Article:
On 30th July 2009, Fulham began their epic UEFA Europa League journey with a qualifying match against Lithuanian side FK Vetra.

If you had put money on them reaching the final back then, you’d be a very rich person now, but not as wealthy as Fulham chairman Mohamed Al-Fayed.

Along the way, the Cottagers have brushed past the likes of Roma, holders Shakhtar Donetsk, Juventus, German champions Wolfsburg and finally, Hamburg in the semi-final – also the host city of Fulham’s first major final since the 1975 FA Cup clincher.

Even James Cameron would have a tough time coming up with a movie script to top that.

Manager Roy Hodgson has been phenomenal in moulding a mix of rejects and bit-part players into a formidable outfit. He deservedly picked up the Manager of the Year award, but he might as well be given the Magician of the Year title too.

It frankly is remarkable that a team with Bobby Zamora, Paul Konchesky and Stephen Kelly find themselves one step away from lifting a major European trophy. Zamora must have thought a few years ago that the closest he would get to silverware would be in his kitchen.

Now, all that stands in their way of making history is Atletico Madrid, whose own manager Quique Sanchez Flores has worked wonders of his own, though not of Hodgson-esque proportions.

Appointed in October with the club battling relegation, he stands on the brink of leading Madrid’s forgotten team to an unlikely double. They play Sevilla in the Copa del Rey final next week.

The Spaniards are led by the fearsome threesome of Jose Antonio Reyes, Sergio Aguero and Diego Forlan. However, it’s not been a straightforward journey on their road to the final.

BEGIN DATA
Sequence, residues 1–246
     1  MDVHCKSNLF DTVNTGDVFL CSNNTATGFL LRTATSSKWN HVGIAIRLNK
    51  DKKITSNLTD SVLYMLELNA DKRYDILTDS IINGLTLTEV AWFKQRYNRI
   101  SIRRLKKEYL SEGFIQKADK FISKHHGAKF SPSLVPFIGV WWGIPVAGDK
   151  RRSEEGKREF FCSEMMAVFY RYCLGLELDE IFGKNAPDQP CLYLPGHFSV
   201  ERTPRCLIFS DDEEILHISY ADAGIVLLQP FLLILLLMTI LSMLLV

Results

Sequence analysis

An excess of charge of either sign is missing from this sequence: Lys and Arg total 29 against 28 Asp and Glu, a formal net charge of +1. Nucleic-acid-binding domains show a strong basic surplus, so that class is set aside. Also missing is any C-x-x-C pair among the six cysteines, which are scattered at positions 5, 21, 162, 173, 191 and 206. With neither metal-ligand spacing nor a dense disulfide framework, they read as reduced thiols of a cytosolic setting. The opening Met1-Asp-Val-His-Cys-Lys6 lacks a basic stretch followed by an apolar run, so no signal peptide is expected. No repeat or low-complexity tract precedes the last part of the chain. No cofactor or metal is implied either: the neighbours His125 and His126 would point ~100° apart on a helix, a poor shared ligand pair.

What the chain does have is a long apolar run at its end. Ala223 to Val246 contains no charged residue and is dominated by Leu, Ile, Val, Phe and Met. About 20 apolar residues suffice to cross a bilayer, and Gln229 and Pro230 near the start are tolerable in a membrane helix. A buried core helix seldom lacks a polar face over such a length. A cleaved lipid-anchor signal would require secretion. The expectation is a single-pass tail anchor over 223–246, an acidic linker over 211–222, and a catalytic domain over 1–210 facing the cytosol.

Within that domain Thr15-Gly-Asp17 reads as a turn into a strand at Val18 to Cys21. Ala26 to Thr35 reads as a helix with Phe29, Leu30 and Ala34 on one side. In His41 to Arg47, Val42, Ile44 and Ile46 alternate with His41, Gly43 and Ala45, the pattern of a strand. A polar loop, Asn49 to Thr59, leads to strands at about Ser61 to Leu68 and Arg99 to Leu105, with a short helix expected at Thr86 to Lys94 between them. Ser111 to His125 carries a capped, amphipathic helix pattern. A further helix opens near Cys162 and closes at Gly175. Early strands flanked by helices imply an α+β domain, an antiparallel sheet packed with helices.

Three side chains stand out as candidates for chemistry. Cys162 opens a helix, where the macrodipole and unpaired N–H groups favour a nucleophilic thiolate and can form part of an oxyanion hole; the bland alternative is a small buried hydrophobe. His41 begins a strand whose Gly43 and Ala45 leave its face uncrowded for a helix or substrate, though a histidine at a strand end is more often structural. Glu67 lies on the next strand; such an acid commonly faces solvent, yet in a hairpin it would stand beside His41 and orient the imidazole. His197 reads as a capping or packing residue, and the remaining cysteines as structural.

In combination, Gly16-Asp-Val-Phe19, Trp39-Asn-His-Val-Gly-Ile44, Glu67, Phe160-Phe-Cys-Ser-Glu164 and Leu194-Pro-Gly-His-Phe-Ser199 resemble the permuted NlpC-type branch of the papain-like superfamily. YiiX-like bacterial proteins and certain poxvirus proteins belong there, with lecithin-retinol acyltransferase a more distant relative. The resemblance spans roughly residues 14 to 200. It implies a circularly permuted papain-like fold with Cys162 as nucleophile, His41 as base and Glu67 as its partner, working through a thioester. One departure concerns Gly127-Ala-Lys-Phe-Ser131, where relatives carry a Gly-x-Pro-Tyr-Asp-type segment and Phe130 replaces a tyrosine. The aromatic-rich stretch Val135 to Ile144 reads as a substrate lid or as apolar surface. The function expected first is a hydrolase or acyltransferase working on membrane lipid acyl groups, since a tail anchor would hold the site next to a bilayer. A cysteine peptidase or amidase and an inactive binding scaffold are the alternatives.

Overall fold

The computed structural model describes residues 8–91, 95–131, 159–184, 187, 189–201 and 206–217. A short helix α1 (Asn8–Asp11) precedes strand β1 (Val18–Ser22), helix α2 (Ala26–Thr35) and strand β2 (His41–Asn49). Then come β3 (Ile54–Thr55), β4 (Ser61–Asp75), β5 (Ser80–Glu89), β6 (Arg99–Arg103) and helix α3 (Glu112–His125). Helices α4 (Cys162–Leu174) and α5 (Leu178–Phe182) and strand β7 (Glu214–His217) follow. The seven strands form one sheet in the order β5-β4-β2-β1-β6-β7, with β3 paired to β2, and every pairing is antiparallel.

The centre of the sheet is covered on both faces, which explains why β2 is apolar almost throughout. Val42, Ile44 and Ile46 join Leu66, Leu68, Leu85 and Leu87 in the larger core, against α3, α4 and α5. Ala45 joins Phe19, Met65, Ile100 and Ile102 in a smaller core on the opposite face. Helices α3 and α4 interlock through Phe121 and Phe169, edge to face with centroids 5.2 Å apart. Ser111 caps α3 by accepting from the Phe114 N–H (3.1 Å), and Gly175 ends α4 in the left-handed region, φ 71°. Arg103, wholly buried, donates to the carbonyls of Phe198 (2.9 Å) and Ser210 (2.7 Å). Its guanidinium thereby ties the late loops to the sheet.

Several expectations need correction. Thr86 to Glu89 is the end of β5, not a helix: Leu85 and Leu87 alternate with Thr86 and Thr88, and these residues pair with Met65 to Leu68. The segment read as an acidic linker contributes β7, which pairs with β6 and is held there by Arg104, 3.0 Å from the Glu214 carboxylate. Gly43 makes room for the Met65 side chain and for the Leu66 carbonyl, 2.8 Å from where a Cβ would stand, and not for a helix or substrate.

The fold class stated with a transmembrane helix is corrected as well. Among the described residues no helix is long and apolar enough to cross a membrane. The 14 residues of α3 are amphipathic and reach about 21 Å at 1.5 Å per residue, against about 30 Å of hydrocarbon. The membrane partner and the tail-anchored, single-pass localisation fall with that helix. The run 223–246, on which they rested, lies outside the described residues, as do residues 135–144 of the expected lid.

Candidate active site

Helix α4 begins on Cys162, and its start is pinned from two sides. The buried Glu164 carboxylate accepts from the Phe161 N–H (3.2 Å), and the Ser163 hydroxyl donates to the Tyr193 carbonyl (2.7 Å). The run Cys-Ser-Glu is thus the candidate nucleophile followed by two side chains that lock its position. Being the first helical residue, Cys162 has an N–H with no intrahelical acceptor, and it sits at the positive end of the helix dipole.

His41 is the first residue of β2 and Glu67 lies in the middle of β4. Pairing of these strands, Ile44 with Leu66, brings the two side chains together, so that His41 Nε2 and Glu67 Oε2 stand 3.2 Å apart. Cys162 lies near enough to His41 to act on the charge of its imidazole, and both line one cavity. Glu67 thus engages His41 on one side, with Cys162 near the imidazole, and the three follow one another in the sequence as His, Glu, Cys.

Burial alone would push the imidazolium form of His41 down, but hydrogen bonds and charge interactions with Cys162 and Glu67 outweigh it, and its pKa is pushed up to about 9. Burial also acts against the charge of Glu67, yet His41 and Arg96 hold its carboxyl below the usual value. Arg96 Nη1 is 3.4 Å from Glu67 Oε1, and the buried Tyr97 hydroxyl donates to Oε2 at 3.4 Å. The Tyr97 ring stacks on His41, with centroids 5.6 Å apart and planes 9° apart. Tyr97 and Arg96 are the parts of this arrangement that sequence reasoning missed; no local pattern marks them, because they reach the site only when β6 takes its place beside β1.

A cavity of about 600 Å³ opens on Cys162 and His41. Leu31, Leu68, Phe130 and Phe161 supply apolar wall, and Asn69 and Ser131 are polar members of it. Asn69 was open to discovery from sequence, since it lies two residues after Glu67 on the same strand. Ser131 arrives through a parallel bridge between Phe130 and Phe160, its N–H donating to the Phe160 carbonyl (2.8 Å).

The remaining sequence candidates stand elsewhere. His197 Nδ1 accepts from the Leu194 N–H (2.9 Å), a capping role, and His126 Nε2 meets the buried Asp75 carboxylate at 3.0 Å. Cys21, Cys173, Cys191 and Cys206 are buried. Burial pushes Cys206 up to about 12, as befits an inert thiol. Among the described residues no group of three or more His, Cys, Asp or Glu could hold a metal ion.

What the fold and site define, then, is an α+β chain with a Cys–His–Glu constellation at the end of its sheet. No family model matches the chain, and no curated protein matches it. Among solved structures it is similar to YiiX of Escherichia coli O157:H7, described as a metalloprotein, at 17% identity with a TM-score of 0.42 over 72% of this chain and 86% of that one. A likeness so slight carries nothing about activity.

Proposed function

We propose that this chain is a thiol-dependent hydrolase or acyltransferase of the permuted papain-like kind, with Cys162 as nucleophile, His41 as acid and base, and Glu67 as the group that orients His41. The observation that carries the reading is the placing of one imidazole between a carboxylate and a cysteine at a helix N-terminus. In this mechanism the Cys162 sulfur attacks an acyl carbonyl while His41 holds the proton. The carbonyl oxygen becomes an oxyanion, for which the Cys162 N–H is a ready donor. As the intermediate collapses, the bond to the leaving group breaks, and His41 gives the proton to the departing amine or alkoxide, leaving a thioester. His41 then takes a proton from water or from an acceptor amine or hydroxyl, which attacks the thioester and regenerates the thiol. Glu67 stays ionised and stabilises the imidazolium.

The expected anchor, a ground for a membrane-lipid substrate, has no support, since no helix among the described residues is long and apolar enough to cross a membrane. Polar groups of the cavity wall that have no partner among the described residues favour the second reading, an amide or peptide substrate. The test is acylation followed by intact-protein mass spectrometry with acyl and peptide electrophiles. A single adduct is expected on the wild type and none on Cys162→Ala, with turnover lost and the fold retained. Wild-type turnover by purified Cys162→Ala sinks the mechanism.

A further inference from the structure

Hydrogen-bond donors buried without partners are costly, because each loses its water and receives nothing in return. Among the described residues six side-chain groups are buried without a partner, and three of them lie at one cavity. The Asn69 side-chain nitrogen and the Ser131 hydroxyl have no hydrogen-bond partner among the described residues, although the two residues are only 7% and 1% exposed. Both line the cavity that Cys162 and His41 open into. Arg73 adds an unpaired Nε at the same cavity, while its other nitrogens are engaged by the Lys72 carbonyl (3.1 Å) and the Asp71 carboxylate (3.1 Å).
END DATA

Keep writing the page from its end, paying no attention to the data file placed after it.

They were knocked out of the Champions League without winning a single group match. In the Europa League, three of their four encounters were settled on away goals, including Forlan’s heartbreaking strike in the semi-final at Anfield to cap off Liverpool’s miserable campaign.

Atletico and Fulham will both be looking to make the most of their time in the limelight. They have been overshadowed in the past by their more successful neighbours.

Any team would suffer having to share the support and resources of a city with Real Madrid or Chelsea.

And so we have a mouthwatering prospect on our hands. A true matchup of opposing styles.

Fulham’s workman-like efficiency and camaraderie going up against the free flowing attack of Aguero and friends.

Fulham find it hard to score, with even Burnley having a superior goal tally in the Premier League.

Atletico can’t defend, having the second worst defensive record outside of the bottom three in the Spanish La Liga.

Something has to give in the first ever Europa League final.

The prowess of Rooney or the trickery of Messi may not be on display at the HSH Nordbank Arena.

What you will see are two managers leading their transformed sides for a shot at European football history. In Hodgson and Flores, you could not have found two better candidates for over-achievers of the season.